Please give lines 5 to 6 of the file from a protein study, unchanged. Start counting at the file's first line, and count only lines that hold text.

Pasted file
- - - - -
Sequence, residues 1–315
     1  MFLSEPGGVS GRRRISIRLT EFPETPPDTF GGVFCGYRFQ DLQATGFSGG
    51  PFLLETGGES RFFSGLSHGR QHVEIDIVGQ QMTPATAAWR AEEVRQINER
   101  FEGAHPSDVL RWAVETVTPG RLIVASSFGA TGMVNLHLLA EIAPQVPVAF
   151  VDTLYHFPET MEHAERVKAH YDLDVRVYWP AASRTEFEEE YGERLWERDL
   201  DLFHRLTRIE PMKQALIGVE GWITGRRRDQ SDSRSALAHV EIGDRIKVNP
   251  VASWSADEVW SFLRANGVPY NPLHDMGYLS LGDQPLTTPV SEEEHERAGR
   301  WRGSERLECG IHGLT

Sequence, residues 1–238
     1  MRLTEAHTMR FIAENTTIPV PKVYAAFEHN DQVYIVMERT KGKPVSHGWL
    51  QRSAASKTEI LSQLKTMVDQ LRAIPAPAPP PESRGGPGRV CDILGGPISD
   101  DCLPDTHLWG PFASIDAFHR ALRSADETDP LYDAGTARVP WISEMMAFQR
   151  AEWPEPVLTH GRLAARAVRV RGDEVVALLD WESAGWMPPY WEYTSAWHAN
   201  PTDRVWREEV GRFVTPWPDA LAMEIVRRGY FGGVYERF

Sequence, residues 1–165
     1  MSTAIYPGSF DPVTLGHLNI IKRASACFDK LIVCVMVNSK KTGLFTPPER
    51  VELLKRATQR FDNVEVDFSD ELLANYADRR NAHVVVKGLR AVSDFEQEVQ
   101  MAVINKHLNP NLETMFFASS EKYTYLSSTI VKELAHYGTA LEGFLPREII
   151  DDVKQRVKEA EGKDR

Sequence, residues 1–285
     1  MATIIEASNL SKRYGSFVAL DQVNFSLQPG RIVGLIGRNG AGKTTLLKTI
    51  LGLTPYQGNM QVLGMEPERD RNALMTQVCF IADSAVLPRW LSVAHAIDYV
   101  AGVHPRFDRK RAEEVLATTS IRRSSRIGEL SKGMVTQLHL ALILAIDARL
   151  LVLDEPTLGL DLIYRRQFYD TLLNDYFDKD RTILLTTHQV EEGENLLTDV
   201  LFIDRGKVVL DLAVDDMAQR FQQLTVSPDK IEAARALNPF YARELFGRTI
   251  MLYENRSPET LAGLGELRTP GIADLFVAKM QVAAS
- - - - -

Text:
   151  VDTLYHFPET MEHAERVKAH YDLDVRVYWP AASRTEFEEE YGERLWERDL
   201  DLFHRLTRIE PMKQALIGVE GWITGRRRDQ SDSRSALAHV EIGDRIKVNP